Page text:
“I can’t say that I am disappointed that colleges and universities are going test-optional, because it opens an opportunity for more students to be able to go to college and their ability to go to college is not just based on a score, but who they are as a person, on their resume or on their transcript,” Smreker said.

“I believe that ACT and SAT scores don’t define us, but to colleges they do. Because of COVID-19, many colleges are now test optional and for me that works in my favor because I have chosen a college that I know I will excel at and be able to pay for,” Galindo said. “My Oklahoma’s Promise, FAFSA and my GPA will pay for my four years at UCO. However, those who do not have Oklahoma’s Promise or must pay for college themselves, having that good test score is key to getting money and scholarships. It is a harsh reality.”

Students at HCP have even admitted that they do not care about their score and they are not going to let it define them.  

“I don’t think that submitting an ACT or SAT score is that important to me,” Perez said. “If I wanted to include my score I’d take the ACT again, but I don’t need to since UCO is test optional.” 

“I am not worried about my ACT or SAT scores since schools are still test optional,” Reed mentioned.  

Contradicting that, a high score can help you in pursuing a higher education by getting scholarships or grants.  

“We all have our own individual opinions about the ACT/SAT, but reality shows it is useful and receiving life changing scholarships and incentives. I think is important in the aspect that it can pay for your school,” Richardson said.

Suffering from Imposter Syndrome

Imposter syndrome is loosely defined as doubting your abilities and feeling like a fraud. It disproportionately affects high-achieving people, who find it difficult to accept their accomplishments. Many question whether they are deserving of accolades. (Ruchika Tulshyan and Jodi-Ann Burey)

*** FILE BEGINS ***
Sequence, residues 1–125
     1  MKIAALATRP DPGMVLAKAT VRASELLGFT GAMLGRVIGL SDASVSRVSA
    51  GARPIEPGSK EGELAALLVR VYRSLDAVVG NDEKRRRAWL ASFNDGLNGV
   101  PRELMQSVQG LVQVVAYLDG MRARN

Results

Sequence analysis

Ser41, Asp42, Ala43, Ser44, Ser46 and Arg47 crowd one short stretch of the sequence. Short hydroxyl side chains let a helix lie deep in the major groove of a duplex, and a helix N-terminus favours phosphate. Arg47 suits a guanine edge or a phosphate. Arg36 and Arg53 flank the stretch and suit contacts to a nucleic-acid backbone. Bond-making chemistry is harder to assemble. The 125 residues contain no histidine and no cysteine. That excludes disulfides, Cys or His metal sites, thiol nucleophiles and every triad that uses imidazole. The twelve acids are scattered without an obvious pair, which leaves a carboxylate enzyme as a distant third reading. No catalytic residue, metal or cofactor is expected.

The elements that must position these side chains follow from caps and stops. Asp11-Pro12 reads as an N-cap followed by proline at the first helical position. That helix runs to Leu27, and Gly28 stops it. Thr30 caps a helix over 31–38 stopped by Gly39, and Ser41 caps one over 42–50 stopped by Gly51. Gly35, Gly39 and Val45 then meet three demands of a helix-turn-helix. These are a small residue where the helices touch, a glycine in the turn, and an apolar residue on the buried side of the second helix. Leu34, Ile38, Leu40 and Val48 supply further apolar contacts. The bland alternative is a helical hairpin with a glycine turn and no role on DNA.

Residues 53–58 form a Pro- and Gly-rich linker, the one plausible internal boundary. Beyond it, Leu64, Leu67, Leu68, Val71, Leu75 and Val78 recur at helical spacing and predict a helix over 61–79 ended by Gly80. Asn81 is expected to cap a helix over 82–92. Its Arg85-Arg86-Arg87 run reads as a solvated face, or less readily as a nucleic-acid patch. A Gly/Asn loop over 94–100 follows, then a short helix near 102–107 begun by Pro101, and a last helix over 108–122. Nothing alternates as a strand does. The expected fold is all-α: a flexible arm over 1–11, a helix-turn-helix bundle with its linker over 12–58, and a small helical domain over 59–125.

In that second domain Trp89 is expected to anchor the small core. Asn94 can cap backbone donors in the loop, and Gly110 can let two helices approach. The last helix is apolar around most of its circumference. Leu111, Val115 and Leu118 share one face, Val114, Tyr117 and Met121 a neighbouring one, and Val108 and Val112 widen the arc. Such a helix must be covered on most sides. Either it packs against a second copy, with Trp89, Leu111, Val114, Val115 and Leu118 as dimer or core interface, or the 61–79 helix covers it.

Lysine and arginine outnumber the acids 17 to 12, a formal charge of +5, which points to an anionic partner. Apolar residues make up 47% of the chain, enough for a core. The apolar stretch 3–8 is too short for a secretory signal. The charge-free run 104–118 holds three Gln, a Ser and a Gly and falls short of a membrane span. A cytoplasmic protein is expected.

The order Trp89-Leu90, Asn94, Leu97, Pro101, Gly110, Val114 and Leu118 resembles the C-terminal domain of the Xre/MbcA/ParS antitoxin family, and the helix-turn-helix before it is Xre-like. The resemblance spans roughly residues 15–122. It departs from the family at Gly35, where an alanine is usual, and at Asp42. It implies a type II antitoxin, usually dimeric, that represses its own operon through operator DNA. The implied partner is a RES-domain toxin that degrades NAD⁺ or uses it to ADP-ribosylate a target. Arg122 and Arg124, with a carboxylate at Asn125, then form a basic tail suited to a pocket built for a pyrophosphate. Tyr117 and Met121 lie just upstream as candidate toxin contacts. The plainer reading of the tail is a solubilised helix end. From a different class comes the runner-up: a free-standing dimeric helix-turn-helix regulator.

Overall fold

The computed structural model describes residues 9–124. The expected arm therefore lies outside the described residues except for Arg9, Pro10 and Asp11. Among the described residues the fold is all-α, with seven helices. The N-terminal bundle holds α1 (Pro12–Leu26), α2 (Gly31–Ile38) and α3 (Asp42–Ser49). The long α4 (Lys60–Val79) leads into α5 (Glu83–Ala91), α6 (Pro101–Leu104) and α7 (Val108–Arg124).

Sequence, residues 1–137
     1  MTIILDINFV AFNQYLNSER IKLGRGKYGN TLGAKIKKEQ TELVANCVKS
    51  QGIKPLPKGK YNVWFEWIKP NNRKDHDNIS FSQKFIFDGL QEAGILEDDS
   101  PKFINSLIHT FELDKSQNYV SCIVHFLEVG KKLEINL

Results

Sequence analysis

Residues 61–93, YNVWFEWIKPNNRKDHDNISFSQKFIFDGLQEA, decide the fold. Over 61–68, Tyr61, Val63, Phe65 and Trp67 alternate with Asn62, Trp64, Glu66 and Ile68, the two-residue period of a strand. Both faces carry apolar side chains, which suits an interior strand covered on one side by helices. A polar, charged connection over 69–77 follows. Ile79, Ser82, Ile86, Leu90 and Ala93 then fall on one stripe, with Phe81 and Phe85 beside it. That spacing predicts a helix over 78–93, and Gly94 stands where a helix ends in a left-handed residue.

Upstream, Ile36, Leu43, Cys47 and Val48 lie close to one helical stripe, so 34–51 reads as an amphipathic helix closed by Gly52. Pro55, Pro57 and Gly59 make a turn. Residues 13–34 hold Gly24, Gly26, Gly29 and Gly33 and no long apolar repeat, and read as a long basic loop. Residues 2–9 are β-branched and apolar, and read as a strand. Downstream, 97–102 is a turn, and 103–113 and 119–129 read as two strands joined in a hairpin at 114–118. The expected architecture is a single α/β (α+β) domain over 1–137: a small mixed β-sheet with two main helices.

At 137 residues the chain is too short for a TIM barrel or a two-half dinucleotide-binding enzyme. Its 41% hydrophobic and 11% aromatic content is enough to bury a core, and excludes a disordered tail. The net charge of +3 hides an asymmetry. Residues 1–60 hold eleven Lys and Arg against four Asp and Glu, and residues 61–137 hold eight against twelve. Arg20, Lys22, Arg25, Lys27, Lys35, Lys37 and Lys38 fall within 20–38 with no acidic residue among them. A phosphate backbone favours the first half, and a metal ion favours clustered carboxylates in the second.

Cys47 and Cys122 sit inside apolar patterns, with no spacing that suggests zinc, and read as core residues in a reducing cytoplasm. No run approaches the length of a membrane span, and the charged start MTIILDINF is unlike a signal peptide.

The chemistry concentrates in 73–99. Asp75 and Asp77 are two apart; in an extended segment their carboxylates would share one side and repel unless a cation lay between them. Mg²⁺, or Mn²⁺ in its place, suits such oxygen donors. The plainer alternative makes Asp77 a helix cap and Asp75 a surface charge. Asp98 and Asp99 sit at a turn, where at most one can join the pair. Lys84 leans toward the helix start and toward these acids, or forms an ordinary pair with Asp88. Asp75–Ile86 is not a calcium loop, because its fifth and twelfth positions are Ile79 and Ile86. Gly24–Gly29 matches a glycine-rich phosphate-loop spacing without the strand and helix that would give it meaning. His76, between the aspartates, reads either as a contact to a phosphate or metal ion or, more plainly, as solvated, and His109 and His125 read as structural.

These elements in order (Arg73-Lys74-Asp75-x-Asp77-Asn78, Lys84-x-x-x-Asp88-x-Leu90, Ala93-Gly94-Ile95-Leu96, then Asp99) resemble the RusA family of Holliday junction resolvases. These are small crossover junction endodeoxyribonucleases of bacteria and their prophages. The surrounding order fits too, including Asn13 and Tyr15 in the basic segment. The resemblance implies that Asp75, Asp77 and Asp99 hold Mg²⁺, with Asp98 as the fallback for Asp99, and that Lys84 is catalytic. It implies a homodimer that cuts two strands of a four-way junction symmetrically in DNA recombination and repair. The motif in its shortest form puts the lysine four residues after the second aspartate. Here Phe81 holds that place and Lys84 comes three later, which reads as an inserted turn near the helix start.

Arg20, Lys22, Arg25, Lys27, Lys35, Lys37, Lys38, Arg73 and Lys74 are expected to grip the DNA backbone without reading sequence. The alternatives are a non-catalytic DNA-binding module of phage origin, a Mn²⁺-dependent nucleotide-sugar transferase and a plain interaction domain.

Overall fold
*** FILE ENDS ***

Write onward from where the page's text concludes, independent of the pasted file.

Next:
However, it can affect students who are pursuing higher education. Students often feel like they aren’t good enough to go to college. They worry about the little things and go into a loop where they cannot figure out if they want to go to college or if it is even worth it to go.  

“I’ve dealt with Imposter Syndrome after COVID-19 because we missed a year and a half. My biggest struggle became math and I want to major something math-related in college,” Galindo said. “I’ve always loved math, it was my favorite subject, but after the pandemic a whole year was lost and I felt lost too.”

“I feel like some students don’t go to college because they feel is it impossible for them to go or there is a lack of example to show them they are capable. Students need the right guidance going into college. College at the same time is not for everyone,” Richardson said.

Not having it all figured out is okay, Smreker said.  

“You don’t have to know exactly what you want to do. That is what college is for, for helping you chose a path, choose what classes are for you and even ones that aren’t. You don’t have to have it all figured out your freshmen, sophomore or even your junior year,” Smreker said. “Try to step outside your comfort zone though, try to experience the world with this new light that you have. An “adult” you have more freedom and you have a chance to figure out who you really are outside the walls of your high school and your parents’ house. You can really explore who you are and figure out what it is what you want and for what you stand for.”  

College isn’t for everyone

“To say that college is ‘necessary’ to be successful would be excusing anyone who didn’t go to college and still has great success in life,” Richardson said. “You can own a flourishing business, or have a trade or be in another industry where college is not needed. College can be a great path to success but the student most make the most out of their experience.”

Smreker agreed that college is not for everyone.

“I don’t think that students should feel pressured to go straight into college or pick a college after high school,” Smreker said. “It is a huge decision to make, to decided that you want to go straight from high school where you might not have done super great super well into a very rigorous environment.”

Smreker went on to say that students often do well exploring trades or getting an associate’s degree, which is a two-year degree.

I know a lot of students that have done just as well going to technical school instead, or getting an association degree and making so much more money than I do,” she said.